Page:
JOHNSON v. WETHERSPOON

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Supreme Court of Louisiana.

Doris P. JOHNSON v. Charlie Mae WETHERSPOON, et al.

No. 96-C-0744.

    Decided: May 20, 1997

David Alan Hamilton, Baton Rouge, for Applicant. Marsha Mason Wade, Baton Rouge, for Respondent.

 We granted certiorari in this case to review the court of appeal's ruling that while survivor benefits paid pursuant to La.R.S. 11:762(D) belong to the beneficiary in full ownership, the beneficiary takes such benefits with the obligation to account to a former spouse in community if receipt of said benefits violates the former spouse's community ownership rights.   For reasons more fully discussed below, we affirm the court of appeal.

FACTS AND PROCEDURAL HISTORY

Doris Johnson (“plaintiff”) and Albert Wetherspoon married on March 23, 1957 and lived under a community property regime.   On August 28, 1958, Mr. Wetherspoon became a member of the Teacher's Retirement System of Louisiana (“TRSLA”) and continued as an active member until his death.   Plaintiff and Mr. Wetherspoon separated on November 12, 1966.   A petition for separation was filed on November 15, 1966, and on January 6, 1967, a judgment of separation was rendered terminating the community retroactive to November 15, 1966.   However, the community between plaintiff and Mr. Wetherspoon was never partitioned.

Following his divorce, Mr. Wetherspoon married Charlie Mae Clark, now Charlie Mae Wetherspoon (“defendant”) on December 21, 1974.   The couple remained married until Mr. Wetherspoon's death on September 13, 1984.

As Mr. Wetherspoon's widow and named beneficiary, defendant began receiving death benefits in 1984 pursuant to La.R.S. 11:762(D).   The payment of these benefits continued without incident for almost ten years, until April 8, 1994, when plaintiff filed the instant suit seeking to have the court determine her interest, as a former spouse in community, in any benefits resulting from or attributable to  contributions made by Mr. Wetherspoon to TRSLA during the existence of the community between herself and Mr. Wetherspoon.1

Both parties filed motions for summary judgment in the trial court.   After denying plaintiff's motion, the trial court granted defendant's motion for summary judgment, finding that the benefits received by defendant from TRSLA were hers alone and plaintiff did not have a right to any past, present, or future benefits as they did not constitute community property.   On appeal, the First Circuit Court of Appeal reversed, holding plaintiff had a community interest in TRSLA benefits because they constituted community property and remanded the case to the trial court for further proceedings.  Johnson v. Wetherspoon, 95-1280 (La.App. 1st Cir. 2/23/96), 669 So.2d 589.   We granted defendant's writ to review the correctness of this ruling.  Johnson v. Wetherspoon, 96-0744 (La.5/10/96), 672 So.2d 669.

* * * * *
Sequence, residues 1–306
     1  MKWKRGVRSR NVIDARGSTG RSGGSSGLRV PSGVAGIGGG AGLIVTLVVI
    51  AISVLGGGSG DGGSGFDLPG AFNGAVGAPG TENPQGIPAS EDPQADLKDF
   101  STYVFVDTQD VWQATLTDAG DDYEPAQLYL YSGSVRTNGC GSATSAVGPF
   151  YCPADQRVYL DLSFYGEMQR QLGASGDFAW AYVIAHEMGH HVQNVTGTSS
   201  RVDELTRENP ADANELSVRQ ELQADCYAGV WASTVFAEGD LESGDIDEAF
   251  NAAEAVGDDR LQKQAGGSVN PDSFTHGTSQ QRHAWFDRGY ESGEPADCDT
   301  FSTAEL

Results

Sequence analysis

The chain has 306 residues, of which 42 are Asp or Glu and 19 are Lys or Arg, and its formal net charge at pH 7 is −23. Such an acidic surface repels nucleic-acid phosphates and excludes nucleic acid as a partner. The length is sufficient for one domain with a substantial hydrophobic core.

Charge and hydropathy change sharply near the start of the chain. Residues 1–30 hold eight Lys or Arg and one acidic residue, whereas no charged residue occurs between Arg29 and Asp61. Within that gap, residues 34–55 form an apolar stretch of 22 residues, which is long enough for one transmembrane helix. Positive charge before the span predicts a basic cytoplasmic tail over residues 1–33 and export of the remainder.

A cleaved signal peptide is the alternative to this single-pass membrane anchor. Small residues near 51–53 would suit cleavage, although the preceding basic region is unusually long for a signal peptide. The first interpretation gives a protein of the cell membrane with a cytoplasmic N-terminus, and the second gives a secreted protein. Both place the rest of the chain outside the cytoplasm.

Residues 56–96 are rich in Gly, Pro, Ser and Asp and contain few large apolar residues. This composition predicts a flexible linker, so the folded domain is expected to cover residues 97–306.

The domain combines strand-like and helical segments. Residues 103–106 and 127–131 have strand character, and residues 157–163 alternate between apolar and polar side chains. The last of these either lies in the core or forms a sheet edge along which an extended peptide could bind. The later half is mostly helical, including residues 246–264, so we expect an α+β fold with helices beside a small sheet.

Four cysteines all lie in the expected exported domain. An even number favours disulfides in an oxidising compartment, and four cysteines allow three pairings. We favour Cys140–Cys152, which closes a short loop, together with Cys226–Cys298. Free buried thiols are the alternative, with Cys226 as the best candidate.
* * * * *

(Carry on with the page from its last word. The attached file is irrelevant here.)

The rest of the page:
DISCUSSION

In 1936, the Louisiana Legislature enacted TRSLA with the stated purpose of providing retirement allowances and other benefits for teachers of the State of Louisiana.  La.R.S. 11:702.   According to the TRSLA plan, members contribute a percentage of their salary to the system while employers of TRSLA members also contribute a percentage of their employees' salary to the system.   However, TRSLA is a defined benefit system rather than a defined contribution system.   As such, monthly payments that become payable under the plan are not based on the amount  of contributions made by the member, but instead are calculated based upon the member's highest average compensation, years of service credit, and the member's age.   In accordance with the stated purpose of TRSLA, two primary categories of benefits are provided by the TRSLA plan:  retirement benefits and survivors benefits.

 It is well settled in Louisiana that a former spouse is entitled to a pro rata share of the retirement benefits of a member spouse to the extent the retirement benefits were attributable to the former community.  Frazier v. Harper, 600 So.2d 59 (La.1992);  Sims v. Sims, 358 So.2d 919 (La.1978).   The issue presented in the case sub judice, however, concerns whether survivor benefits, paid pursuant to La.R.S. 11:762(D), belong to the surviving spouse in full ownership or whether the surviving spouse must account to a former spouse in community if receipt of said benefits violates the former spouse's community ownership rights.2